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The Fed cannot allow inflation to become entrenched in the economy, according to the director. A premature return to a more accommodative monetary policy risks repeating the mistakes of the 1970s and 1980s, he said.

Therefore, he thinks the Fed is more likely to make the mistake of being aggressive with rates. The Fed Funds rate is likely to peak around 5%; that, along with a rise in unemployment, is likely to curb inflation, Pinto said. The rate is currently in a range of 3% to 3.25%.

Markets haven’t bottomed out yet

As a host of other executives have said recently, including Dimon and Goldman Sachs CEO David Solomon, the US is facing a recession due to the Fed’s predicament, Pinto said. The only question is how severe the delay will be. This is of course reflected in the markets that Pinto looks at on a daily basis.

“We’re dealing with a market that is estimating the likelihood of a recession and how deep it will be,” Pinto said.

The economic situation this year was unlike any other in recent history; aside from sharp increases in goods and services, corporate earnings have been relatively resilient, confusing investors looking for signs of a slowdown.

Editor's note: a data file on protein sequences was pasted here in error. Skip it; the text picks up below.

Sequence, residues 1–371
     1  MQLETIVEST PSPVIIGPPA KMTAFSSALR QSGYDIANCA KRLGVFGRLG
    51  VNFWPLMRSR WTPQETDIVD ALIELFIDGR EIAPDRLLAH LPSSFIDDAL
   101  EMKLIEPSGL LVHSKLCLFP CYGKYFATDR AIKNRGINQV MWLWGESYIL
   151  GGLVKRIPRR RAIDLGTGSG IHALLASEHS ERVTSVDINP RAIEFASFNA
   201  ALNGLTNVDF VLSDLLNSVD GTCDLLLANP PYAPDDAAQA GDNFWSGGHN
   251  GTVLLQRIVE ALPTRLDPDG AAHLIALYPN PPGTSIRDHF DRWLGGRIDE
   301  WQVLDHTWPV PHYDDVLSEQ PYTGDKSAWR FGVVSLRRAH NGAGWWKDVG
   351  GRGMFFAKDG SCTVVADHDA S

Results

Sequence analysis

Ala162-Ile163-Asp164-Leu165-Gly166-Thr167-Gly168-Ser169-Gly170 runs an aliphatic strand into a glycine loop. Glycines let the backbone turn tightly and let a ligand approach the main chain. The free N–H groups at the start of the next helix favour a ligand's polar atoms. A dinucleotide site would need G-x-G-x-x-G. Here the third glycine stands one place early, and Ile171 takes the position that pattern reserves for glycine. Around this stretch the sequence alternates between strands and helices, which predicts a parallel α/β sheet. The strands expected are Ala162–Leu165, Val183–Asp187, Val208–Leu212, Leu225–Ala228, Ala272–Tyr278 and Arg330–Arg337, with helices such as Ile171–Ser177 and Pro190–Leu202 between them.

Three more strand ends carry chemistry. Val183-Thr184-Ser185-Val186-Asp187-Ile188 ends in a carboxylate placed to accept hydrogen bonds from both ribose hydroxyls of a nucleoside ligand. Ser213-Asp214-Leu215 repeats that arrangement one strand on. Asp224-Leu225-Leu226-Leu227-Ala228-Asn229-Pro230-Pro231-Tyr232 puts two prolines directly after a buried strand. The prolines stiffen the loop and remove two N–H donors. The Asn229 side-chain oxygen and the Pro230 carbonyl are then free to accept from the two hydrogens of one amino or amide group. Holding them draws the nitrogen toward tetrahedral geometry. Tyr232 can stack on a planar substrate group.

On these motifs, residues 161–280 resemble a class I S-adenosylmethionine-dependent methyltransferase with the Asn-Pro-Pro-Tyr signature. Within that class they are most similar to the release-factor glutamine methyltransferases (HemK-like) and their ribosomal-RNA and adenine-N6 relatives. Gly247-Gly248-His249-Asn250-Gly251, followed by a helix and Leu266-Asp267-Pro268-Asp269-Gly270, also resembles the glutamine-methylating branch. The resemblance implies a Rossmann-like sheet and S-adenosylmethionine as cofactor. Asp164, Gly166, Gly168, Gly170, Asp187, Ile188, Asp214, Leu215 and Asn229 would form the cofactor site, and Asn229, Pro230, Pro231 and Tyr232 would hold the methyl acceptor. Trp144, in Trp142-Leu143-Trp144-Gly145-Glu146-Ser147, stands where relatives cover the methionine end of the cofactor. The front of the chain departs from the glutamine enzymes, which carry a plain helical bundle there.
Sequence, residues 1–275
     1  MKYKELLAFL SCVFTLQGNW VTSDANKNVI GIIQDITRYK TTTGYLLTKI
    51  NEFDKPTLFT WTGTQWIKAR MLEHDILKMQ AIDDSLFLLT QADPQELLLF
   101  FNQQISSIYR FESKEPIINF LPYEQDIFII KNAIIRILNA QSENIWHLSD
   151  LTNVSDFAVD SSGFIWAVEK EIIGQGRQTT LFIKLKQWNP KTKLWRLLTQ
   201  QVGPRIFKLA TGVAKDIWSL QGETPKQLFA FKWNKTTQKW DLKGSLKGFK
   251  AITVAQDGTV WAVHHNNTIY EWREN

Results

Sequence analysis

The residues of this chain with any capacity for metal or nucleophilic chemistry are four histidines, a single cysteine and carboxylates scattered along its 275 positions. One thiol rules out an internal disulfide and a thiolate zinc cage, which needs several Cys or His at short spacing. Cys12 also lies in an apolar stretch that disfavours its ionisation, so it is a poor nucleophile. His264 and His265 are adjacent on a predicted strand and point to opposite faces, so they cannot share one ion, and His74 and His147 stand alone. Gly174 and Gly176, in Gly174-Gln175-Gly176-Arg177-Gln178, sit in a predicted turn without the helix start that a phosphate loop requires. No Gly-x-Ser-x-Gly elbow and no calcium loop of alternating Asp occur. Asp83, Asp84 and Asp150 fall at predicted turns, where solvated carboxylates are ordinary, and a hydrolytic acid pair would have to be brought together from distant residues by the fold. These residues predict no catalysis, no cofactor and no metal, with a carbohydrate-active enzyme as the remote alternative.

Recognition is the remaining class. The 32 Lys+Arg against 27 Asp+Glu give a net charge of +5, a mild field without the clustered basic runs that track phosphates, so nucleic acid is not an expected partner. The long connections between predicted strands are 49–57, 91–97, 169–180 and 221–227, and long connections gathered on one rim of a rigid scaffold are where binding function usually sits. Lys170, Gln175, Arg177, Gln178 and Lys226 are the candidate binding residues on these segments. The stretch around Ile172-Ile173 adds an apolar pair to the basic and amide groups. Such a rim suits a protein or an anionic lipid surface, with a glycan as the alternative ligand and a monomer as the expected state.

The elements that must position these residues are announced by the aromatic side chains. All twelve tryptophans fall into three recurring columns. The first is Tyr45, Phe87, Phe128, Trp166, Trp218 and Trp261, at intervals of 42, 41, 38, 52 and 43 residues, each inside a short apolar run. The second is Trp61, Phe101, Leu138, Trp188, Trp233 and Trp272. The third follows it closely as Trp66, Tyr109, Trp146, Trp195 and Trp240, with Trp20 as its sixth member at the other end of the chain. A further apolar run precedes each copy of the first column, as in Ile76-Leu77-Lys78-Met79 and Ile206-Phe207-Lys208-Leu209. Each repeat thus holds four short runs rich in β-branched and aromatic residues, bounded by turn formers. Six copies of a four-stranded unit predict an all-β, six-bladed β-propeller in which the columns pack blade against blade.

But according to Pinto, earnings estimates haven’t fallen far enough to reflect what’s to come, and that could mean the market is moving one step further. The S&P 500 is down 21% from Friday this year.

“I don’t think we’ve seen the bottom of the market yet,” Pinto said. “If you think about corporate earnings going into next year, expectations may still be too high; multiples in some stock markets, including the S&P, are probably a bit high.”

‘Great black swan’

Despite the higher volatility he expects to continue, Pinto said the markets have “functioned better than I expected.” With the notable exception of the collapse of UK government bonds known as “gilts”, which led to the resignation of that country’s prime minister last week, markets were orderly, he said.

That could change if the war in Ukraine takes a dangerous new turn, or if tensions with China over Taiwan spill over onto the global stage, disrupting progress in supply chains, among other potential pitfalls. Markets have become more vulnerable in some respects as the post-2008 crisis reforms forced banks to hold on to more capital in trading, making markets more likely to seize during periods of high volatility.